there they will be called ‘sons of the living God.’”

Acknowledgements
~ Translation of Scriptures: English Standard Version (c) 2001-9, Crossway, a publishing ministry of Good News Publishers.
~ Commentary: (c) 2020, Allen Morris
~ Photo: Jesse ‘Tree’ St Michael’s Church, Bath (c) 2019, Allen Morris.

The responsorial psalm for this coming Sunday

Yesterday I noted how the lectionary text of Elijah’s encounter with the Lord omits the context, and how recalling the context can be helpful to us as we seek to relate to what the Lord has to say, and how the Lord is.

There is something of the same to moan about with the editing of the psalm for its Lectionary purpose!

The retained verses hymn the Lord’s love. The omitted verses remind of what the Lord has had to put up with from Israel, which renders his mercy all the more remarkable, and its certain availability for us too, whatever the circumstances in which we come before him.

Psalm 84(85):9-14

(NB the text set for Sunday is given below in bold and in ‘quote sections’ below; the rest is the immediate biblical text from which the Lectionary text is extracted)

Psalm 85 (84)
 
1           For the Choirmaster. Of the sons of Korah. A Psalm.
 
2           O Lord, you have favoured your land,
            and brought back the captives of Jacob.
3           You forgave the guilt of your people,
            and covered all their sins.
4           You averted all your rage;
            you turned back the heat of your anger.
 
5           Bring us back, O God, our saviour!
            Put an end to your grievance against us.
6           Will you be angry with us forever?
            Will your anger last from age to age?
 
7           Will you not restore again our life,
            that your people may rejoice in you?
8           Let us see, O Lord, your mercy,
            and grant us your salvation.

9           I will hear what the Lord God speaks;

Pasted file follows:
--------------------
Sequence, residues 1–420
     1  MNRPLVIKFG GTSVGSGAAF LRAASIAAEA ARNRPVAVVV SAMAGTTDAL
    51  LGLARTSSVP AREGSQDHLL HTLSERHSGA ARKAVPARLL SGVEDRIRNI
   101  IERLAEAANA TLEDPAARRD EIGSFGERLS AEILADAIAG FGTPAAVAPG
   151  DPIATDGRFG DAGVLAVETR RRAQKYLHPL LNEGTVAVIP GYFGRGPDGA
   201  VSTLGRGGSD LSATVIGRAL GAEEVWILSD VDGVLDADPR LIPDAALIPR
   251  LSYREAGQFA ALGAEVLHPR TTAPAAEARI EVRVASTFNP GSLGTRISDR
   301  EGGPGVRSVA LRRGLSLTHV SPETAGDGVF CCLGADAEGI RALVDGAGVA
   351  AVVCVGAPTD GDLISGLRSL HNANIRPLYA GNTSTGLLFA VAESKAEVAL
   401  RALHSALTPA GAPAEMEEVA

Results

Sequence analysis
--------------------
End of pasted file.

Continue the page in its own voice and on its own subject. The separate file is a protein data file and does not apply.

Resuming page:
he speaks of peace for his people and his faithful,
            and those who turn their hearts to him.
10         His salvation is near for those who fear him,
            and his glory will dwell in our land.
 
11         Merciful love and faithfulness have met;
            justice and peace have kissed.
12         Faithfulness shall spring from the earth,
            and justice look down from heaven.
 
13         Also the Lord will bestow his bounty,
            and our earth shall yield its increase.
14         Justice will march before him,
            and guide his steps on the way.

Acknowledgements
~ Translation of Psalm: From The Revised Grail Psalms: A Liturgical Psalter. (c) 2010.~ Commentary: (c) 2020, Allen Morris
~ Photo: Detail of Peace window, Hull Minster (c) 2019, Allen Morris.

The first reading for this coming Sunday

The edited version of 1 Kings 19 that appears in our Lectionary for Sunday next tells of a meetng between Elijah and the Lord. But it does not tell us the why and wherefore of the meeting, which led to Elijah’s learning to recognise the presence of the Lord in stillness and quiet.

What is the context? Elijah has recently been in cultic battle with the prophets of Baal; he is challenging the King of Israel – and he has recently fled for his life and only just been saved from virtual suicide…

The meeting with the Lord changes things. How the promise of the Lord In quiet and peace gives Elijah confidence and hope, and how it restores him to the possibility of his faithful service of the faithful remnant of Israel.

In the midst of a storm of events and fears Elijah finds again the one who is rock for his life.

The particulars of our lives will be different to those of Elijah! But we too grapple with the need to relate to God in our various and varied circumstances. As we face these it is encouraging to be reminded of the struggles of the saints and prophets and not only their triumphs

First Reading for the 19th Sunday in Ordinary Time:
1 Kings 19:9,11-13

(NB the text set for Sunday is given below in bold and in ‘quote sections’ below; the rest is the immediate biblical text from which the Lectionary text is extracted)

The Lord Speaks to Elijah

19.9 There he came to a cave and lodged in it.